I need to decide what to do with my life all over again. With everything else balanced in. Wish me luck…

The Power of Music

I never really gave much stock to the playing music to them in the womb thing. Sure, I tried it, didn’t really get much of a response at all to any music, barring a night when 8 months pregnant, stood fairly close to the DJ booth in a packed nightclub, with baba going mental to some song that was in the charts at the time. So I didn’t quite go full hung ho into the playing Mozart to E in the womb, in the hopes of him attaining 625 points the second he got into secondary school. He listened to what I listened to, which seemed to be mixture of sappy love songs, pop songs from the 90s and some Dubstep when his daddy decided that was what he should be exposed to from day one.

When he got here things were a bit different. He screamed at any U2 song until it was turned off. Lana Del Ray was my champion in the early days for calming him and putting him to sleep, with Robbie Williams vying for that same top spot. Both artists I would have listened to a bit when pregnant but not excessively. So far, so normal.

In the last two weeks, E has been on another one of his “wonder weeks”, which apparently means he can be an absolute brat and I’m not allowed be grumpy about it, because he’s learning and expanding. And learning to be a total head wreck. He’s not a major fan of being out of my arms and not even the sling is sufficing much of the time. On top of this, we’ve had a heatwave ( hello lovely Leaving Cert weather!), which any other year would mean my factor 50 slathered self would be in a beer garden/back garden after work with a glass of wine chilling out, but this year means having arguments with parasols, draping white light fabric over half of the buggy, and dealing with a grumpy warm baby who isn’t eating like normal due to the heat, and burning to a crisp myself in the process. It’s been a fun household to live in…

Three nights ago, E goes off on one. Screeches the place down, won’t feed, clean nappy, just seems to be screaming for no reason. I stick on Spotify, on comes John Legend’s “All of Me”, a song I listened to quite a bit when I was in very late pregnancy and stuck in hospital. It had been used on Grey’s Anatomy, I’d found it online and got hooked (in truly hipster form, weeks before it became a massive hit here). E was asleep before the first verse was over. I’d think it was a coincidence if the same thing hadn’t happened yesterday. This song seems to have a completely calming effect on him, especially when I sing along, which is fantastic. I think its interesting that he potentially would link it to his last days in the womb and calm down quickly with it, it gives stock to the argument that they are affected by what they can hear. Regardless, its a lovely song, and fairly fitting.

All of Me, loves all of you, all your curves and all your edges, all your perfect imperfections. Give your all to me, I’ll give my all to you, You’re my end and my beginning, even when I lose I’m winning, cos I give you all of me.. and you give me all of you”.

Long may the calming effect last. I’m trying to recall anything else that I may have listened to half as obsessively while he was in there, for fear that this will start to wear off.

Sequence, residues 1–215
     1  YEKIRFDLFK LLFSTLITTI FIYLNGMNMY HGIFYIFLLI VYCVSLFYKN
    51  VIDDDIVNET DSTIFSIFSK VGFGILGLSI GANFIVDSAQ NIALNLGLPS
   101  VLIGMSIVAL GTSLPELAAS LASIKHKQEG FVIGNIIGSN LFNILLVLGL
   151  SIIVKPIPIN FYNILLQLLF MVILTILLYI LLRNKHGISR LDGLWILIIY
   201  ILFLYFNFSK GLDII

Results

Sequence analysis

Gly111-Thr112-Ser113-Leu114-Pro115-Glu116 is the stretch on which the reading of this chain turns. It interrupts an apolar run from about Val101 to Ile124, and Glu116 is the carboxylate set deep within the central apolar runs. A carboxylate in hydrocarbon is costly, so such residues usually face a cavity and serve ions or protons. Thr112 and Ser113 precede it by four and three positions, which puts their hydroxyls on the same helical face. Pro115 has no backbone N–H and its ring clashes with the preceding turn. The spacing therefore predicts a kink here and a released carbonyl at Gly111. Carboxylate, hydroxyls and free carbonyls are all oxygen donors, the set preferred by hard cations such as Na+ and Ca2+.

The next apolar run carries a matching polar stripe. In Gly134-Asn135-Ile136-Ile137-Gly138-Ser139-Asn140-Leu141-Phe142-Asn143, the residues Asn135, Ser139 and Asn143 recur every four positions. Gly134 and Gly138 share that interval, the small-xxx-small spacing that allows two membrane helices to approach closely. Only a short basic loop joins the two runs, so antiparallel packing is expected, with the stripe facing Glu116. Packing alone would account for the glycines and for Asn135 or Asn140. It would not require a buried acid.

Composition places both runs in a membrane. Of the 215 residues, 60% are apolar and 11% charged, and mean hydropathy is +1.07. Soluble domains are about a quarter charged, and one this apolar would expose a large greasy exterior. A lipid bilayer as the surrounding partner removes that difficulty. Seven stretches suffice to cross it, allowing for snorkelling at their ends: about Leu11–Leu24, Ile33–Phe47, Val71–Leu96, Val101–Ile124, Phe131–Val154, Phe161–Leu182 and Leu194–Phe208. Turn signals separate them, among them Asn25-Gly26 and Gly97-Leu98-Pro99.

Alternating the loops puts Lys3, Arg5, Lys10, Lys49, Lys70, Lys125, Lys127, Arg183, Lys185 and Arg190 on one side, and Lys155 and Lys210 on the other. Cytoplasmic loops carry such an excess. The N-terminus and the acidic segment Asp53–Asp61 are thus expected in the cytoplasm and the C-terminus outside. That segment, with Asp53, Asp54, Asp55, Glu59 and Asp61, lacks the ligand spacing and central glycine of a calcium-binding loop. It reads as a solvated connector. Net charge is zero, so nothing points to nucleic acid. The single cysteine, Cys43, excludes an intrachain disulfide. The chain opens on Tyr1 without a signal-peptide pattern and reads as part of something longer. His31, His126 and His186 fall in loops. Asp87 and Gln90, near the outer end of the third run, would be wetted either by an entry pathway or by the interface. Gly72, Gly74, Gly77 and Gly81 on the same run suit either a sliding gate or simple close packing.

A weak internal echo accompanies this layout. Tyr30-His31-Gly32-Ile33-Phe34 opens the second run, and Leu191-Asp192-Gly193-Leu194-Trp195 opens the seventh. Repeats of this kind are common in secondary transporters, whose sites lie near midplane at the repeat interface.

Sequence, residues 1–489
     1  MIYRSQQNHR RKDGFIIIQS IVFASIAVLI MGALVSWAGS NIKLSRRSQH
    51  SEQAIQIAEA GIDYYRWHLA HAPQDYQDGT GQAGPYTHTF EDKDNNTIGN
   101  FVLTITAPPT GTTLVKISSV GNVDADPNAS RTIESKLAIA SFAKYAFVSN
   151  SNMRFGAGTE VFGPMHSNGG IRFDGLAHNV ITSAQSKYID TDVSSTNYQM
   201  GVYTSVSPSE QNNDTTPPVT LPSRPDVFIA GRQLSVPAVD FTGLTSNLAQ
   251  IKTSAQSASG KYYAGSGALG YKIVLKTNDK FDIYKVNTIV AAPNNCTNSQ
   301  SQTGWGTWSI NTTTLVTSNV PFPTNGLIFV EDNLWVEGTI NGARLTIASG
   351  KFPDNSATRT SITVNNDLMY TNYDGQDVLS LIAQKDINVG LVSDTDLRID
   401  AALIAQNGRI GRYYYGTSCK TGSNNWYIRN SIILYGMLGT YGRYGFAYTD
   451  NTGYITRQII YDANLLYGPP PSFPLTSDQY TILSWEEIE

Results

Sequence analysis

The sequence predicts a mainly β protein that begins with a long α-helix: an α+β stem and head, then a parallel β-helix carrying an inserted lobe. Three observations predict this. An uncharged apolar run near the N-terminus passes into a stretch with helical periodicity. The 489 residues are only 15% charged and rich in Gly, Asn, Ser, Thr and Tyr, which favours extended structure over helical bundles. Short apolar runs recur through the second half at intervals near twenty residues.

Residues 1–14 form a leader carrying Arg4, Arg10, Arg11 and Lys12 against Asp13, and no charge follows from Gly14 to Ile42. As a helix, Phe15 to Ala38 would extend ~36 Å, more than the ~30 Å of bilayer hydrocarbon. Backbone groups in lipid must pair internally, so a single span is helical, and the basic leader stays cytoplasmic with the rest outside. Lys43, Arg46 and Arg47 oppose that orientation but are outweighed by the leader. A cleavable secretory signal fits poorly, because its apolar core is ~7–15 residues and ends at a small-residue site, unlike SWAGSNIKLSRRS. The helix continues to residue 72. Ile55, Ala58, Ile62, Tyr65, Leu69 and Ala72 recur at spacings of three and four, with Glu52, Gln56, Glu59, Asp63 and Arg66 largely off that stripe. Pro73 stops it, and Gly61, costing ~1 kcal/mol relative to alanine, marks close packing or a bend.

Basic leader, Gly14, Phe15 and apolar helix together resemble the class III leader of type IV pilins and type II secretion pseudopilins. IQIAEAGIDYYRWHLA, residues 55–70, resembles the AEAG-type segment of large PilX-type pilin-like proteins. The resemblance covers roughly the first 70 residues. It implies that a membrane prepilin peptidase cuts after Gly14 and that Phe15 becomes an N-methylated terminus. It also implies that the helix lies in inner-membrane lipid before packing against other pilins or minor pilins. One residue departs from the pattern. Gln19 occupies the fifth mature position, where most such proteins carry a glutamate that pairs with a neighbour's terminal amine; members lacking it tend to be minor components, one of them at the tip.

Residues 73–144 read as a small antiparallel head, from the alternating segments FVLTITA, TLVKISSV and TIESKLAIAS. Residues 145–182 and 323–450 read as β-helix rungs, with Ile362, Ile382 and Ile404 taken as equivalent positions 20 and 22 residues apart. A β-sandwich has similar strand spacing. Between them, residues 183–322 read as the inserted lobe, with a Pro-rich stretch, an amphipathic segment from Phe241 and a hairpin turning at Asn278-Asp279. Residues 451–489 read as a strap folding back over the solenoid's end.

Also starting to think that Mozart may have been a good idea after all…

Has anyone else found this, that music you listened to while pregnant is recognised by baby?

Summer Days!

Summer has finally hit Cork. This is noted by the lobster shade my shoulders and chest have taken on, thanks to my great thinking of leaving the suncream in the wrong bag. Not advisable, especially when you have a tiny tyrant who likes to attack with his tiny claws!

But yesterday was beautiful. One of those gorgeous blue sky days. Everything was good – we had even gotten some sleep! And so off to the park we trekked. Fitzgerald Park was recently reopened after being done up, with the addition of the Sky Garden in there. They’ve done a nice job of it, even if the main piece didn’t strike me as particularly wonderful, but maybe I just didn’t get it. 

Theres a gorgeous seating area overlooking the river that is covered over, which proved perfect for feeding little man, though the school group of ten year olds stampeding onto it did disturb a little bit. They were everywhere! Since it was such a gorgeous day, it seemed that the whole world had the same idea of grabbing their lunch at the Natural Food Bakery cafe in the park, and eating it outside – the queue was a mile long, which is great to see for a newly set up branch. We didn’t get to stay for lunch as E became rather fussy and it was easier to just keep heading on back towards town. From there we searched for something which would take the place of the stupid parasol which was not doing the job I bought it to do at all. Again it seems I was late to that party as everywhere seemed to be out of suitable covers for our travel system, but after seeing my distress on twitter, the lovely  Bumbles of Rice recommended the ShadeaBabe cover, so I think a trip to Mahon Point to Mothercare is in order. (And a sneaky trip to Starbucks while out there, oh the novelty).